Here are three takeaways:
1. In ASC-anesthesia services arrangements, the transfer of anything of value from the anesthesia provider to the ASC or ASC owners must be carefully reviewed “to determine whether it unduly influences the selection of the anesthesia provider’s services,” according to Nelson Hardiman.
2. ASCs provide anesthesia services to patients through three models:
- Fee-for-service model. Anesthesia providers do their own billing and collection. There is no financial connection between the anesthesia provider and ASC, minimizing compliance risks.
- Employment/engagement model. The ASC pays the anesthesia provider a fixed rate for services, and the ASC manages billing and collections for the anesthesia service. With the ASC taking the collection risk on denied claims and potentially a margin on anesthesia services, it’s important for both entities to fulfill personal services safe harbor requirements of the federal anti-kickback statute. This arrangement is riskier than the fee-for-service model and necessitates careful attention to drafting.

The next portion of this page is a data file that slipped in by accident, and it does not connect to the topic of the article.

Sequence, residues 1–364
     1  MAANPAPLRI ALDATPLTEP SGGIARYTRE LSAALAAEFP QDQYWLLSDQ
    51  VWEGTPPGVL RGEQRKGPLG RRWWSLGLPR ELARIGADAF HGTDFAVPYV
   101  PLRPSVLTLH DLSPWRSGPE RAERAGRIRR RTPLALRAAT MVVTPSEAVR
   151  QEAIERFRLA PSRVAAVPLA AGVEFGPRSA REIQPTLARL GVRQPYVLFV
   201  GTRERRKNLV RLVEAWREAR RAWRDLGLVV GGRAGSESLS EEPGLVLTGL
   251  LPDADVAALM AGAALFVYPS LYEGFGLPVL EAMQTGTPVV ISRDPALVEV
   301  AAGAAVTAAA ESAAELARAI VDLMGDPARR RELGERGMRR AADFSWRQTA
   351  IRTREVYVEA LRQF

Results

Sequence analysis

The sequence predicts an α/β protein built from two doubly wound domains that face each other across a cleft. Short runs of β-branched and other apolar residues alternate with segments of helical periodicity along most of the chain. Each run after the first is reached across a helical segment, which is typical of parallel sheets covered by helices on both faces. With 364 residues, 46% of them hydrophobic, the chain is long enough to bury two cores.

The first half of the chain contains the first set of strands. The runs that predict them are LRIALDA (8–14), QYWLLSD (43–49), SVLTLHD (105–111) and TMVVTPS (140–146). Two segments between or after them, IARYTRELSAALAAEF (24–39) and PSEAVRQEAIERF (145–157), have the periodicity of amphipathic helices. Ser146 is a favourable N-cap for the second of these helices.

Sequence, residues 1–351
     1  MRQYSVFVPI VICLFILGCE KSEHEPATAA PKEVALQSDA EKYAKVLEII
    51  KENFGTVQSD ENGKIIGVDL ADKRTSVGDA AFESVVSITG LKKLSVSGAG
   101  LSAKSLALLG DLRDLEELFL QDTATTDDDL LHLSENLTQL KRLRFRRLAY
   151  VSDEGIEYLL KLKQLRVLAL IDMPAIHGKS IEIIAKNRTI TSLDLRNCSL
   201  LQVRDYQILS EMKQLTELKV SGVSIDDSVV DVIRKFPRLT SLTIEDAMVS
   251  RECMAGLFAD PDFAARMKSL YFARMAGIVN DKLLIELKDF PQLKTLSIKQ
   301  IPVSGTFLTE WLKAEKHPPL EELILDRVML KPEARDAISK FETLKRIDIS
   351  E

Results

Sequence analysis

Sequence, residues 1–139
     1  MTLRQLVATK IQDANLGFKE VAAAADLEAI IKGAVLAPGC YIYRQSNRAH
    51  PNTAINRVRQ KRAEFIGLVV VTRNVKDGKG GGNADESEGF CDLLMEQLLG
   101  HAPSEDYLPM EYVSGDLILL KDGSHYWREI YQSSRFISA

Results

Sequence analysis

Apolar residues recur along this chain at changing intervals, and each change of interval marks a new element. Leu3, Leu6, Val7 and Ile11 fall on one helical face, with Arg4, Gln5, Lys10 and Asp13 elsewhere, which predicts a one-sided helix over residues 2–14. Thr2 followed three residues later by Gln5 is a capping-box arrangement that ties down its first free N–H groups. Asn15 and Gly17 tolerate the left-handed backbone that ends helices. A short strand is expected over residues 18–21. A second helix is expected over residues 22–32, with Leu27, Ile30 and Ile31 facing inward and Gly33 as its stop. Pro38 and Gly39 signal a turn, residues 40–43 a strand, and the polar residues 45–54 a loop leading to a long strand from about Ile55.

- Company model. The ASC forms a separate entity that hires and retains an anesthesia services provider. The anesthesia company bills and collects service fees, pays anesthesiologists and pays any profits to the ASC. The ASC bills for both facility fees and anesthesia services, creating serious compliance concerns under the anti-kickback statute. This model is high-risk and compliance assessment is crucial.
3. An ASC can provide billing and collection services for an anesthesia provider, but it must do so at fair market value. If an ASC retains excessive revenue or doesn’t provide a substantial service to the anesthesia provider, the entities risk running afoul of anti-kickback statutes.